Watch CBS News

Why home equity loans may become cheaper soon

If you're looking to access your home equity now may be an inexpensive time to do so. chavalit0777/Getty Images

Borrowers looking for inexpensive credit in recent years haven't had many attractive options. Thanks to a surging inflation rate and a federal funds rate raised to keep it in check, rates on everything from credit cards to personal loans to mortgages surged. While not totally immune from this climate, however, home equity loans and home equity lines of credit (HELOCs) emerged as low-cost alternatives for existing homeowners.

Because the home is used as collateral in these borrowing circumstances, owners were able to secure significantly lower rates than they could have gotten with credit cards or personal loans, for example. While interest rates on both of those options currently sit around 21% and 12%, respectively, home equity loans and HELOCs both come with single-digit rates right now. And while that's good news for current borrowers, prospective borrowers may be in store for even lower rates. Below, we'll detail two reasons why home equity loans may become even cheaper soon. 

See what home equity loan rate you could secure here now.

Why home equity loans may become cheaper soon

Here are two reasons why home equity borrowing could become more affordable soon:

Inflation is cooling

Inflation has now cooled for two consecutive months. And while that cooling has been marginal (the inflation rate was down to 3.3% in May, down from April's 3.4% and March's 3.5%), it is moving in the right direction, especially compared to the decades-high it reached just two years ago.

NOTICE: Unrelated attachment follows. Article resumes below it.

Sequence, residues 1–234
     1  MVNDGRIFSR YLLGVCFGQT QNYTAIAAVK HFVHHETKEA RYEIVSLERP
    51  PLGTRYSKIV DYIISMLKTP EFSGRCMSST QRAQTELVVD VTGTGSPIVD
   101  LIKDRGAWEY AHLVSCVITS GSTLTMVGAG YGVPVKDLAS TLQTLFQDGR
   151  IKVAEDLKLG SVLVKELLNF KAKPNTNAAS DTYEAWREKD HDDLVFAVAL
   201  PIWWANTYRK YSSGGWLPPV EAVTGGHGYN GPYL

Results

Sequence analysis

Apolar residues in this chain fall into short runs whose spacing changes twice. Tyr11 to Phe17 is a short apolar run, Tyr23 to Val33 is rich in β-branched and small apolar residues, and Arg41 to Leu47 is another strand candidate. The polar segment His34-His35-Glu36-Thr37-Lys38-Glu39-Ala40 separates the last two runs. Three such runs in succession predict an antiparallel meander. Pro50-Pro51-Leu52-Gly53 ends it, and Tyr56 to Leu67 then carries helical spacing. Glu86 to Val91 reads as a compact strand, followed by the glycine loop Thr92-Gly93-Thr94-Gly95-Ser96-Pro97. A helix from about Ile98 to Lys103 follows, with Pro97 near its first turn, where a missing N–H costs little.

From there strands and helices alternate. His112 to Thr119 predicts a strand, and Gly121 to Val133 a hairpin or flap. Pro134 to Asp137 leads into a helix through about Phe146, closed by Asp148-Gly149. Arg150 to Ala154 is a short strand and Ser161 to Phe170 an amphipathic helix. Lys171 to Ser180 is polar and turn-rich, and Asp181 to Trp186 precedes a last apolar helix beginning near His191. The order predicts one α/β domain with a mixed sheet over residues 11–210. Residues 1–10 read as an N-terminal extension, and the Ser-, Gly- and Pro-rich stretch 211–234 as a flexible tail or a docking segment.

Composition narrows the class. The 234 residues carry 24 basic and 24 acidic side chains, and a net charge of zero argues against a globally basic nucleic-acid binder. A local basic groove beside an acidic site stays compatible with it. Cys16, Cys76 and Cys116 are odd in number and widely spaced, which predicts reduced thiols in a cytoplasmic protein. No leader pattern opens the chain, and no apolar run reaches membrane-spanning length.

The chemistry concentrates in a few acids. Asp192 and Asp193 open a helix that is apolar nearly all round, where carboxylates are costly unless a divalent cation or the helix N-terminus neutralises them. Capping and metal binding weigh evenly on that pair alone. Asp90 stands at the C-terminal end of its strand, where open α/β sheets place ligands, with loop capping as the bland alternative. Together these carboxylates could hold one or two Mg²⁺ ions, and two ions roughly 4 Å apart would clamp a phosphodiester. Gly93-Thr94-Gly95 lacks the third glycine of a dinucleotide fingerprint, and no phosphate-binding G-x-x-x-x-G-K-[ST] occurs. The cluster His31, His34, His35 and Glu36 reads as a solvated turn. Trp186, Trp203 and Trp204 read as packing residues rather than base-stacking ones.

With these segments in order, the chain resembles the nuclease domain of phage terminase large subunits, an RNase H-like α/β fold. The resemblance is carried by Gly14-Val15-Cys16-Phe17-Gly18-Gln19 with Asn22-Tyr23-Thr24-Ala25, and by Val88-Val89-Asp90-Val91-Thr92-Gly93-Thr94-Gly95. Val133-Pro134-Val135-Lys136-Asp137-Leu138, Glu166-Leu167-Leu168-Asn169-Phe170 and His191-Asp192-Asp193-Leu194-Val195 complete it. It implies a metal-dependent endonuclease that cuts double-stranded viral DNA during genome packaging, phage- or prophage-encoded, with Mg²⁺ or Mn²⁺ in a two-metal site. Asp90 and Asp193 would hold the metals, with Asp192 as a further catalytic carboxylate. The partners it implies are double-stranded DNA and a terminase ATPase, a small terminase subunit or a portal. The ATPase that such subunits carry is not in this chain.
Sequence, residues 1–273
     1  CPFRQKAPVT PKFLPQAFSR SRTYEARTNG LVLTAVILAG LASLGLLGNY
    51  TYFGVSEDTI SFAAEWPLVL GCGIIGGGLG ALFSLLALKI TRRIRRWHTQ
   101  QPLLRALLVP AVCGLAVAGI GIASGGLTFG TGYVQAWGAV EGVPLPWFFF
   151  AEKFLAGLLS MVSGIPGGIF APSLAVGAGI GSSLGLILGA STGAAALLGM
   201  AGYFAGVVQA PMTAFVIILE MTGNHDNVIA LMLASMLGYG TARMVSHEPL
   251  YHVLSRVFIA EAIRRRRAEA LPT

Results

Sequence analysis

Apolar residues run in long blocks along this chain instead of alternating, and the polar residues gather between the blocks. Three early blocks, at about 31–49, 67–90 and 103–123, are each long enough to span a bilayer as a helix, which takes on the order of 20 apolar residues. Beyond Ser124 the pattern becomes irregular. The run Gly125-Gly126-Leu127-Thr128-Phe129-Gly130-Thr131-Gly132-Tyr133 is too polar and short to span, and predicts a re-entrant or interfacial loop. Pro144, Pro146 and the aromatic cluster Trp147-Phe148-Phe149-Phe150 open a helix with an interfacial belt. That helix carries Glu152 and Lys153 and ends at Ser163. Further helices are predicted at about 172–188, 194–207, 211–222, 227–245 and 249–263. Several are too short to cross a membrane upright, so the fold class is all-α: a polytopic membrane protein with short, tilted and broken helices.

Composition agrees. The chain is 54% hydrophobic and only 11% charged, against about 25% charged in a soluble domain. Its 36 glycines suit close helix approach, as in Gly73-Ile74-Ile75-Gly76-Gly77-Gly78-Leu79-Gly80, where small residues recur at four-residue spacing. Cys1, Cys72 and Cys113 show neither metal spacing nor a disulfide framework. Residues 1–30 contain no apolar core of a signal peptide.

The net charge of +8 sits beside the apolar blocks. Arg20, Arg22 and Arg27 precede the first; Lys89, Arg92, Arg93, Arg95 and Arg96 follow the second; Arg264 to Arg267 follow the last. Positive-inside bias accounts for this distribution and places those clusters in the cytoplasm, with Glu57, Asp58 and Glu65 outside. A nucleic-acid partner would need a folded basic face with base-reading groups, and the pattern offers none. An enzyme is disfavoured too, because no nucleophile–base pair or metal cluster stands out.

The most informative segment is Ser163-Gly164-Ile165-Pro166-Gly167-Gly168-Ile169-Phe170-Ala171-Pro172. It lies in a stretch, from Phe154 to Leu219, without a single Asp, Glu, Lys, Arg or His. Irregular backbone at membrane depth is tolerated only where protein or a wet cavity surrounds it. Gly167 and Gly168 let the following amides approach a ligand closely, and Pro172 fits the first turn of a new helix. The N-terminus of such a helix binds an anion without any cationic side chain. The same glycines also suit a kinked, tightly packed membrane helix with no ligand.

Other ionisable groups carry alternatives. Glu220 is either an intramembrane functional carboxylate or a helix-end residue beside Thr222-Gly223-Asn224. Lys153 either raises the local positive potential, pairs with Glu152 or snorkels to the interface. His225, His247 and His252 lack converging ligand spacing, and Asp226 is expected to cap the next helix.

While this is a beneficial development for millions of Americans, it's particularly helpful for those who need to borrow money. As inflation cools, after all, higher interest rates designed to cool it tend to fall in tandem. But even absent a formal rate cut, lenders may start to lower the rates they offer on these products if they feel that an official cut is imminent, as it appears to be now.

Start shopping for low-rate home equity loans and HELOCs online today.

Interest rates may be cut

While the Federal Reserve again elected to keep the federal funds rate frozen after their June meeting, it may not stay there for much longer. Currently unmoved since last summer, the rate is stuck at a range between 5.25% and 5.50% — the highest it has been in 23 years. In theory, the Fed won't cut that rate until the inflation rate drops even further and hits or gets close to the Fed's target 2% goal. 

"The Committee does not expect it will be appropriate to reduce the target range until it has gained greater confidence that inflation is moving sustainably toward 2 percent," the Fed said Thursday. "In addition, the Committee will continue reducing its holdings of Treasury securities and agency debt and agency mortgage‑backed securities. The Committee is strongly committed to returning inflation to its 2 percent objective."

But that goal is now in sight following two consecutive reports showing inflation dropping. And while 2024 may not see as many cuts to the federal funds rate as some had anticipated at the start of the year, one or two cuts are still in play in the final months of the year. If either comes to fruition, then, home equity borrowing will become even cheaper than it is now.

The bottom line

If you're looking for one of the most inexpensive borrowing options available, home equity may be the way to go. And while rates are already lower than most other credit alternatives, they could fall even further thanks to a consistently cooling inflation rate and reductions in the federal funds rate, should the former continue to fall. As with all financial considerations, however, homeowners should weigh the pros and cons of tapping into their home equity right now as they may lose their home if they're unable to pay back what they borrowed. 

View CBS News In
CBS News App Open
Chrome Safari Continue
Be the first to know
Get browser notifications for breaking news, live events, and exclusive reporting.